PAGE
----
Swynnertonia swynnertoniSwynnerton's robin

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Geographic Range

Swynnerton's robins are known from a few mountain ranges in eastern Zimbabwe, Mozambique, and Tanzania. There are two, sometimes three, recognized subspecies, each occurring on different mountain ranges. Swynnertonia swynnertoni swynnertoni occurs on Chirinda mountain in Zimbabwe and a few smaller mountains bordering Mozambique, including Mt. Gorongosa. Swynnertonia swynnertoni rodgersi occurs in Tanzania in the Udzungwa and East Usambara Mountains. Swynnerton's robins were recently discovered in a pristine forest fragment on Mt. Mabu in Mozambique, documenting their existence in a previously unrecognized portion of their range. (BirdLife International, 2008a; BirdLife International, 2008b; Collar, 2005; Vickers, 2009)

Habitat

Swynnerton's robins are found primarily in tropical montane forests, from 850 to 1800 m elevation, more common at 900 to 1200 m. The population in the East Usambaras Mountains occurs in lowland evergreen forest, from 130 to 550 m elevation. Some populations seem to be associated with a dominant understory plant: Dracaena fragrans. They are typically seen in the forest understory or on the ground, in contrast to Pogonocichla species that co-occur. Swynnerton's robins are generally restricted to forest interiors, typically near streams or seeps. They seem to prefer forests with closed canopies and open understory structure, with plenty of leaf litter on the ground. (BirdLife International, 2008a; Collar, 2005)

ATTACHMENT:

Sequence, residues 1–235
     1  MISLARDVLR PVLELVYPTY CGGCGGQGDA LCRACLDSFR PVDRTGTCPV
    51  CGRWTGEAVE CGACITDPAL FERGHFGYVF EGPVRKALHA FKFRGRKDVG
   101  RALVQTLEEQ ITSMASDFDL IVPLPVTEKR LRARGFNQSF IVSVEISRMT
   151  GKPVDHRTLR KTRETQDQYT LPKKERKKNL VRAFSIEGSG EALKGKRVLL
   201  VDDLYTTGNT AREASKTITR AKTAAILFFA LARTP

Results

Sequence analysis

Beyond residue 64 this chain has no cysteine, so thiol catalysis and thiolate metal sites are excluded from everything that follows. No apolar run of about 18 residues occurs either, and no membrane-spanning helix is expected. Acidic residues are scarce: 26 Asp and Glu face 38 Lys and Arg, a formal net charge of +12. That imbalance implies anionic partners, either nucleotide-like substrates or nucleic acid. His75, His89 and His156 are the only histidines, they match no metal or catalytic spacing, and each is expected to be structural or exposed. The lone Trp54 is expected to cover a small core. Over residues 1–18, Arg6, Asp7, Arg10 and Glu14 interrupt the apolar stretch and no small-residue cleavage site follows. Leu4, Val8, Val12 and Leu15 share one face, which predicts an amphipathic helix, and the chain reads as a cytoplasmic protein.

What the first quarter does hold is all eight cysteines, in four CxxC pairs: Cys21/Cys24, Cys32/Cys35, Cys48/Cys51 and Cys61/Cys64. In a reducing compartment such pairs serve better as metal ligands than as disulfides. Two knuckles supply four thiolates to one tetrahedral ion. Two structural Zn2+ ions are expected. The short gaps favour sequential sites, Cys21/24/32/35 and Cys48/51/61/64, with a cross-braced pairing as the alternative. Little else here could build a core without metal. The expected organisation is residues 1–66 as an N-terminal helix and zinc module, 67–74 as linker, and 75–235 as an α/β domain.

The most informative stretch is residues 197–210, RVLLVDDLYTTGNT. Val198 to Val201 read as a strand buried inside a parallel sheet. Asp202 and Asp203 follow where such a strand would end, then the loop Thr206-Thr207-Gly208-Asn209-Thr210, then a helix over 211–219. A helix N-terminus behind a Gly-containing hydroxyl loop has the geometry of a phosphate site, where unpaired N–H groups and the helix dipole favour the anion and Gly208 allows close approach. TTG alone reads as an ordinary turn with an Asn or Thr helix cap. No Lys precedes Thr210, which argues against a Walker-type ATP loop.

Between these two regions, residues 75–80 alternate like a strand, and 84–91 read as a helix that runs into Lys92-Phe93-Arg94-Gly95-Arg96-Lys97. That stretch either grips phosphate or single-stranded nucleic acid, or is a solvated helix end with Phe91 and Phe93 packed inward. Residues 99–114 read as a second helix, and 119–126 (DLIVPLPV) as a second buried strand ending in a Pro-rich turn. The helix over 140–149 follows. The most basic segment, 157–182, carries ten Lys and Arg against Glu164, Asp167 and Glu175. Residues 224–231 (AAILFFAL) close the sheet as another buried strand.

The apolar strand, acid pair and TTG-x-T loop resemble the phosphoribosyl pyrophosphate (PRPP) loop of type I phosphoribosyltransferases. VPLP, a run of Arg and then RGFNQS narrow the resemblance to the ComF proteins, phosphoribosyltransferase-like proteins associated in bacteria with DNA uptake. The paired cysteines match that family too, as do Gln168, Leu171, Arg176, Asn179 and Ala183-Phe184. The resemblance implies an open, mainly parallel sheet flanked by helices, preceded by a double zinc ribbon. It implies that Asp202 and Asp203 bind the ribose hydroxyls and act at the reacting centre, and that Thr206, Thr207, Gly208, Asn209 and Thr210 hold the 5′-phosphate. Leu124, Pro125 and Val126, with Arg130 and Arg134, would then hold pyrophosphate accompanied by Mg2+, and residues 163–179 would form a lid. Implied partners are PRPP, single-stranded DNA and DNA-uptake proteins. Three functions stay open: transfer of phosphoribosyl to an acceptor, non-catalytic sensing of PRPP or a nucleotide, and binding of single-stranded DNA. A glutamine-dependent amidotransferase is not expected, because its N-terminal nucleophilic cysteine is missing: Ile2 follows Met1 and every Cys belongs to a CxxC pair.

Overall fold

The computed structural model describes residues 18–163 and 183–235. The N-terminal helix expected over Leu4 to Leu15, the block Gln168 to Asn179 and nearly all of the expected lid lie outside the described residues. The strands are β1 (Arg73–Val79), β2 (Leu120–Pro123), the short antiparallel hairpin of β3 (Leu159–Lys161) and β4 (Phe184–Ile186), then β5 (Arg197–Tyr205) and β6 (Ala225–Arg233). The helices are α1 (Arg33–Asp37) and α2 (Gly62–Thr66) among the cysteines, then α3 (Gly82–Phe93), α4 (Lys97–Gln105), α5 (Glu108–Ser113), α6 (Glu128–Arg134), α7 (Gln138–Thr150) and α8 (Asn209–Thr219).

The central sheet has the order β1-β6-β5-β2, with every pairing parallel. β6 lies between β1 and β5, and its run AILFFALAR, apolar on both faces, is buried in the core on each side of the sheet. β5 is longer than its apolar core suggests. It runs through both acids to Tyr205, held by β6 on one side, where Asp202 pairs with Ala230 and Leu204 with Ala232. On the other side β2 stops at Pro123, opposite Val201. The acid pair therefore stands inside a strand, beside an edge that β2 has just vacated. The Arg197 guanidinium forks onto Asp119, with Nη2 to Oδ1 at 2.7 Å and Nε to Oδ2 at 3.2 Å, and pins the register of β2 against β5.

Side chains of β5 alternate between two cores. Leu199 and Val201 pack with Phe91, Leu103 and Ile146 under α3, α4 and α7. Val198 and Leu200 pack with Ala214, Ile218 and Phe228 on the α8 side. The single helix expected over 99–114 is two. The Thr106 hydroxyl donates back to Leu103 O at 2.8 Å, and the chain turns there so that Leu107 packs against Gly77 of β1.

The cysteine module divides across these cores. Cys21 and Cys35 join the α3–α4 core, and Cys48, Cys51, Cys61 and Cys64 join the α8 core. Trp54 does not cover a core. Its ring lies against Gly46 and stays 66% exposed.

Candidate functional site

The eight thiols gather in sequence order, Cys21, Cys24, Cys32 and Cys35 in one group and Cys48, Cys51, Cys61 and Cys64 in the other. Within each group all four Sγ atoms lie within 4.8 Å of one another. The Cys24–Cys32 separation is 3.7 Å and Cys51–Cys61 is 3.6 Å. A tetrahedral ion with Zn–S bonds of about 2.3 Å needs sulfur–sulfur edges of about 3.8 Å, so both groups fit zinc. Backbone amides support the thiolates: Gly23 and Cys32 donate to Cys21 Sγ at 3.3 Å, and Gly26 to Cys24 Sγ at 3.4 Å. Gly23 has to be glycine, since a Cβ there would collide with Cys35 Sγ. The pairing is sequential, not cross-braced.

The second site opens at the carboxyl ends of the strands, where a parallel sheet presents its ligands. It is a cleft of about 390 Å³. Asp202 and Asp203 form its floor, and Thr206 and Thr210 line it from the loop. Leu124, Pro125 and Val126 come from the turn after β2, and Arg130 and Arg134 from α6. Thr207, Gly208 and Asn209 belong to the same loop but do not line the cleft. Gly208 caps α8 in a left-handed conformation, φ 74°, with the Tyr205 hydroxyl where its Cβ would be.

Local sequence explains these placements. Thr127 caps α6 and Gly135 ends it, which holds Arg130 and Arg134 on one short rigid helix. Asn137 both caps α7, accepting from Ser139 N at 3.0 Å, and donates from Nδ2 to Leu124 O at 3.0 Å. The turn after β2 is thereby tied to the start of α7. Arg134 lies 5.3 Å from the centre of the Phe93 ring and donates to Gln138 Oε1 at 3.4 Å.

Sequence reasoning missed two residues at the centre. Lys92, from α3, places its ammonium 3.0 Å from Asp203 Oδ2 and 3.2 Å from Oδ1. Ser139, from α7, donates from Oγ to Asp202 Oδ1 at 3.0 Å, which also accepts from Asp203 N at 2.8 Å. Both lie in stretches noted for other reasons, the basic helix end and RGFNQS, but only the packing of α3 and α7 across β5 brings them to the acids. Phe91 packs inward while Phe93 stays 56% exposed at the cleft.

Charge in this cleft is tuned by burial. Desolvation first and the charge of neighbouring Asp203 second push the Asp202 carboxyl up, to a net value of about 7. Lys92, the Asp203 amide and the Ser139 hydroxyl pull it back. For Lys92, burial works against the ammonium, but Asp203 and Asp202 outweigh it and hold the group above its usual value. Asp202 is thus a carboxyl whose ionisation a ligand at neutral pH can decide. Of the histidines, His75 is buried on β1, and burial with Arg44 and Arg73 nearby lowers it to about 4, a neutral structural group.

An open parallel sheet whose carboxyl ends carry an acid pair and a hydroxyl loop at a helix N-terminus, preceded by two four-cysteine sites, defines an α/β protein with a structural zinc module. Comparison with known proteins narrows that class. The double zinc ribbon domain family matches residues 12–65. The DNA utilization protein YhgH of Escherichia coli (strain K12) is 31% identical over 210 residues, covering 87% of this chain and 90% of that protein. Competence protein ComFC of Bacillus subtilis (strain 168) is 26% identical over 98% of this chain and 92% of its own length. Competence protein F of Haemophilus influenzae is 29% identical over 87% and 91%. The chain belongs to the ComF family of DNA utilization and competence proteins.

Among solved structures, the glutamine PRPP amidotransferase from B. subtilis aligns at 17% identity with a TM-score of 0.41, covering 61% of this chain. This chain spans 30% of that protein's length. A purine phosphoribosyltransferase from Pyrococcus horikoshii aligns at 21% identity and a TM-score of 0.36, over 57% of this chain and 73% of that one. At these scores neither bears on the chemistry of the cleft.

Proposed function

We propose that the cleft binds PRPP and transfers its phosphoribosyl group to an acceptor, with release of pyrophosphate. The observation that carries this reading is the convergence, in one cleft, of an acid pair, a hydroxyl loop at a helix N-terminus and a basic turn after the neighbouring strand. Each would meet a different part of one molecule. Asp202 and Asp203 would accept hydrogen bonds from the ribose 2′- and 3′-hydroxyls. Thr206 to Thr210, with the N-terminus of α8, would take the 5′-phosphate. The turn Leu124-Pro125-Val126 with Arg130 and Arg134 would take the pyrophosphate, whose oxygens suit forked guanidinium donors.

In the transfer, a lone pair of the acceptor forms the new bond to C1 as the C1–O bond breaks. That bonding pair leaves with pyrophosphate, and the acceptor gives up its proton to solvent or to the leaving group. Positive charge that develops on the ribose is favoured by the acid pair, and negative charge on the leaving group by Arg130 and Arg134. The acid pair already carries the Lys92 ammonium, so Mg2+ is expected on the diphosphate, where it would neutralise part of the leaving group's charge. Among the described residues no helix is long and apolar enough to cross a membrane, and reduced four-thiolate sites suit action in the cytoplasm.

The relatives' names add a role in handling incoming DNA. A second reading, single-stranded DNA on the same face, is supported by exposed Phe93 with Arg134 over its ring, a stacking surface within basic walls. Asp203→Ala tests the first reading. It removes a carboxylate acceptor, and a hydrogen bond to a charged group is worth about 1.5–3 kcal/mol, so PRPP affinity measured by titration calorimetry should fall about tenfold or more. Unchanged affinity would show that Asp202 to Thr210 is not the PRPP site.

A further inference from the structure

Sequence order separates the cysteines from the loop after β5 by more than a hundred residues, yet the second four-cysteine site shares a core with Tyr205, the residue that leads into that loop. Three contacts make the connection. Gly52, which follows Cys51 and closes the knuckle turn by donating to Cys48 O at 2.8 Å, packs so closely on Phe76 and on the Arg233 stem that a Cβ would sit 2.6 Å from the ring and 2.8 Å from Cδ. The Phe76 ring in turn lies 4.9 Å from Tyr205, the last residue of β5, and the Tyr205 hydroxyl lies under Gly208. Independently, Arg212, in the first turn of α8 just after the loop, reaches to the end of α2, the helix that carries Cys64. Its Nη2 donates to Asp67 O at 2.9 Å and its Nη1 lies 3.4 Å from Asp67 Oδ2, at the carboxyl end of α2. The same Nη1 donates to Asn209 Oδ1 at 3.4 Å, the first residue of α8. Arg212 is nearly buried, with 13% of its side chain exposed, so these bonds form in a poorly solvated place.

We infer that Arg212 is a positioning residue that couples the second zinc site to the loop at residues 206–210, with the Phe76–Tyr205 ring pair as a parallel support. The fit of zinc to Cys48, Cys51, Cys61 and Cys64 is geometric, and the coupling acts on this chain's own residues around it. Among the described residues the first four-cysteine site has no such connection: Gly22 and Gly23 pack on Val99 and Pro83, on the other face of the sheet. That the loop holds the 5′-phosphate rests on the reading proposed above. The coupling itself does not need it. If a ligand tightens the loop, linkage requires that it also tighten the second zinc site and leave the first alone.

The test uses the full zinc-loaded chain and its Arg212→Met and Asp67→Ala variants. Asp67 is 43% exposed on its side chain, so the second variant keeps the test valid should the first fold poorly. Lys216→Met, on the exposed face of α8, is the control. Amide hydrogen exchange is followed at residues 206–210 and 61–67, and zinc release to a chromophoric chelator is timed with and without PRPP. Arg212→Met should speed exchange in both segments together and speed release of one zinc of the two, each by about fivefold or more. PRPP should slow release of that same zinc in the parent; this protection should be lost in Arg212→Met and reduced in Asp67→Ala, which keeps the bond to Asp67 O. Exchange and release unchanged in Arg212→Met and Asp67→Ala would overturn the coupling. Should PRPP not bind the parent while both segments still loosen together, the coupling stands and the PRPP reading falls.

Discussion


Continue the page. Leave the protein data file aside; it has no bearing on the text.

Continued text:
• Range elevation
    130 to 1800 m
    426.51 to 5905.51 ft

Physical Description

Swynnerton's robins are 12 to 13 cm in length, with blue-grey plumage dorsally and a bright orange breast. The orange plumage of the breast becomes lighter on the belly, becoming a buffy yellow and then white at the vent. The head and chin are grey and there is a small white bib bordered by a black line that separates it from the orange of the breast. They have long legs and feet with grayish flesh-colored skin. The feathers on the wing have an olive-green cast to them. The bill is black and there is a light, indistinct white circle around the eyes which is more prominent above the eye. Swynnerton's robins look much like New World robins (Turdus) in overall appearance and habits, they are generally seen foraging on the ground. They hold their tail at a characteristic 45 degree angle. Females are similar to males, but with more olive on the head and lighter cheeks. Juveniles are brown with yellow spotting above and with a lighter orange breast and belly. Subspecies vary somewhat in coloration. (BirdLife International, 2008b; Collar, 2005)